Danny Saul – Harsh, Final
As guitarist with Tsuji Giri (Manchester’s biggest and best kept secret ‘almost’ band of recent years, alongside The Sonar Yen), Saul self-released a Steve Albini-recorded album in 2005, with the band promptly self-destructing upon release. After all the tribulations associated with the process of production and shared decision-making, Danny rethought every aspect of how to perform and record with the minimum of intervention or interference; Harsh, Final is the culmination of a bloody minded pursuit for a personal satisfaction in both making music and Doing Things Right. ‘Your Death’ opens the album with softly plucked acoustic guitar, and proceeds to build layers of acoustic and electric guitars into a hazed atmosphere, which suddenly comes into focus as the track s defining chords state that this is a song, and that everything put in place so far is only framework. And in many ways this typifies what makes the record really tick: the fission between the pull of the songs and the musical dynamics working within and yet outside them. Be sure – Danny Saul is very much not a conventional singer-songwriter, with all the compromise and baggage that carries with it.
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These are tunes sensitively drawn, defiantly made, and deliberately too long for both radio and the short attention spans of his peers. Instead we are allowed to revel in the long-form, are left grasping for reference points, brazen novelty long ago discarded as mere trivia. ‘My Escape’ details ”a wall of doubt” with a crumbling, threatened, growling undercarriage barraging the tune, about to collapse beneath the listener at any moment. The album builds to a head on the wonderful ‘Cannonball’, just shy of thirteen minutes, and is bracketed by two shorter pieces ‘(harsh)’ and ‘(final)’, which bring a heady sense of disorientation and an unusual focus to the longer tune resting between them. Check this track and reflect on ”the outcome / we wait / to see”.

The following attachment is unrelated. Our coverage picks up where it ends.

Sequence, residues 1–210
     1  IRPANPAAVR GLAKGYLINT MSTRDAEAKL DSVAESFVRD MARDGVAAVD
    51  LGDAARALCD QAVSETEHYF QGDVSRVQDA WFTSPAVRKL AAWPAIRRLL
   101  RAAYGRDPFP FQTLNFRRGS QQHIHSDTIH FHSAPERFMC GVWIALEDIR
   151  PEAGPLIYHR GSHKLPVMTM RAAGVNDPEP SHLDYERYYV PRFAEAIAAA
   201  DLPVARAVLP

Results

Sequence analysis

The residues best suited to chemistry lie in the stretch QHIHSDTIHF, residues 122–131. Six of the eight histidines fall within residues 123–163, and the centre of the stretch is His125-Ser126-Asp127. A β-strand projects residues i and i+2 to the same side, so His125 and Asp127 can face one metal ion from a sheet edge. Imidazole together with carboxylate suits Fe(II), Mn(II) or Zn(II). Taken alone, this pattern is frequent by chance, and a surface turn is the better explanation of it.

‘Harsh, Final’ maintains this pared-down and deliberate atmosphere throughout – recurring themes of death and escape culminate in a cover of a heartfelt lament for a personal loss by Manchester’s Hotpants Romance (think a much more glamorous Shaggs), here reinterpreted as an oppressive and over-possessive love song. Its cumulative build of layered guitar and harmony vocals eventually fades, leaving Saul’s solitary voice reassuring the listener that ”we’ll be OK / you’ll see”, echoing the album as it began, with a single exposed musician [guitar, vocal], indelibly human and unforgettably resonant.